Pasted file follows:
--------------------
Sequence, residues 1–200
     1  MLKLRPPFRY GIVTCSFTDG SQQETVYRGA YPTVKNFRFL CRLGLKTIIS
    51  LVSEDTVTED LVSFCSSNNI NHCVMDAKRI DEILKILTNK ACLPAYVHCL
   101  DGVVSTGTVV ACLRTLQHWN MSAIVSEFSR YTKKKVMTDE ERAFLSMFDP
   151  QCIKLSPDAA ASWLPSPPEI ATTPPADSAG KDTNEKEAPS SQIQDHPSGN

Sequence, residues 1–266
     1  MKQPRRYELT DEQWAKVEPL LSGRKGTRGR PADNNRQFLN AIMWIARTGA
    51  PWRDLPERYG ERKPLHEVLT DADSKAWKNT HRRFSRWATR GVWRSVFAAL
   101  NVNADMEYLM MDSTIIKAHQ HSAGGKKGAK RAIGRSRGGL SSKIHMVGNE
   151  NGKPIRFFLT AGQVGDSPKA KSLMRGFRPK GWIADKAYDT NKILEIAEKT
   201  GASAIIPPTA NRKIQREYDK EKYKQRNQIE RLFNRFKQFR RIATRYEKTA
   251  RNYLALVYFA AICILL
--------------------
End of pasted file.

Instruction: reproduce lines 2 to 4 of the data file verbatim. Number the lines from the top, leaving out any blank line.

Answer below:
     1  MLKLRPPFRY GIVTCSFTDG SQQETVYRGA YPTVKNFRFL CRLGLKTIIS
    51  LVSEDTVTED LVSFCSSNNI NHCVMDAKRI DEILKILTNK ACLPAYVHCL
   101  DGVVSTGTVV ACLRTLQHWN MSAIVSEFSR YTKKKVMTDE ERAFLSMFDP